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Manipur’s War Tourism: Translating Into Reality- An Inclusive Approach

Gurkhas advancing with tanks to clear the Japanese from Imphal-Kohima Road in North Eastern British India, March 8 - July 3, 1944. Image Credit: Wikipedia.

Introduction:

There are shrines/sites for pilgrimage. These places were once associated with conflicts and hence places of sacrifice for victory of good over evils. Religious pilgrimage apart, a place where battles were fought resulting loss of lives is a place kith and kin/descendents of those who fought at the place would love to visit to pay homage or for curiosity. Manipur is a place where some of the most horrendous battles of WW – II were fought. Thus the idea of extending war tourism in Manipur is conceived. This dimension of economic development of the State is yet to be explored. Better late than never. With the lifting of the PAP by the Govt, it is now high time to start developing the industry of tourism without further delay.

How important is Manipur in the War history of WW – II: As is read from discourse on Second World War, battles are ranked by a combination of (i) importance in the outcome of WW – II (ii) amount of men and material committed to the battle (iii) intensity of fighting (iv) casualties and losses incurred in men and material. Thus, of the thirty greatest battles of WW – II like Battle of Kursk (the largest tank battle ever fought), Battle of Prussia (the greatest disaster to befall on Germany), Battle of Stalingrad (the greatest urban battle ever fought), Battle of Vistula, Battle of Berlin, Battle of Normandy without exhaustive listing, Battle of Imphal (March 6, 1944 to June 22, 1944) has been ranked fourteenth where Japan’s endeavor to invade India ended in its greatest land defeat. The Battle of Imphal where 120,000 Japanese soldiers fought with British and Indian troops has been rated at par with Stalingrad and Berlin.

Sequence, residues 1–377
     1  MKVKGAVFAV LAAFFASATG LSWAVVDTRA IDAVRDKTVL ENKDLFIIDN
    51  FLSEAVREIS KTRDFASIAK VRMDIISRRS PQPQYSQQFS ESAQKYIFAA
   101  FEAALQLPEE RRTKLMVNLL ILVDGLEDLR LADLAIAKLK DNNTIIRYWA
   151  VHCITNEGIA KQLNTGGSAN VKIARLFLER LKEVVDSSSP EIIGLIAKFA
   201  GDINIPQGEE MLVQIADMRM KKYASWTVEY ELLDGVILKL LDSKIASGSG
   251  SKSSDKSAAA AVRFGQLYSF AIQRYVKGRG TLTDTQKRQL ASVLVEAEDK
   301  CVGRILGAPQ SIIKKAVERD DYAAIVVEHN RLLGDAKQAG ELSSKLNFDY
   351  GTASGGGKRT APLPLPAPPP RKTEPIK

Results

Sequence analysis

Sponsorship of volunteers to work in the area of war tourism may be done with the following objectives:-

(i) To identify the important battle sites in Manipur.

(ii) To look for tell-tale signs for the battle fought at sites and also eye witness accounts from the surviving locals.

(iii) To acquire the sites of the battle.

(iv) To work out modalities for erecting war memorials.

(v) To collect names and particulars of soldiers involved in specified battles.

(vi) To invite and host visitors from countries of allied forces, Japanese and Indian enthusiasts and send them back as ambassador for canvassing for War tourism in Manipur.

(vii) To host webpage/portal on War tourism in Manipur with illustrated maps, historical background and narration.

(viii) To bring awareness amongst the local masses the benefit of promoting tourism in the State to help sustain the economic growth of the population

(ix) To plan a wholesome tourism package for groups of tourists intending to visit the sites of Manipur.

Some of the sites whose mentions are found in WW – II history are: Litan (Ukhrul road), Mapao Spur which divides lril valley from Imphal-Kohima road, Tengnoupal, Pallel, Shenam sadIe, Sugnu, South of Bishnupur Milestones 30 and 35 on Tiddim, Ningthoukhong where seven medium tanks of British were lost, Potshangbam where heavy fighting by 32 & 63 Brigade of British took place and they lost 12 tanks, Supply dump at Kangpokpi, Nungshigum Hill which overlooked Imphal’s main airfield at Koirengei.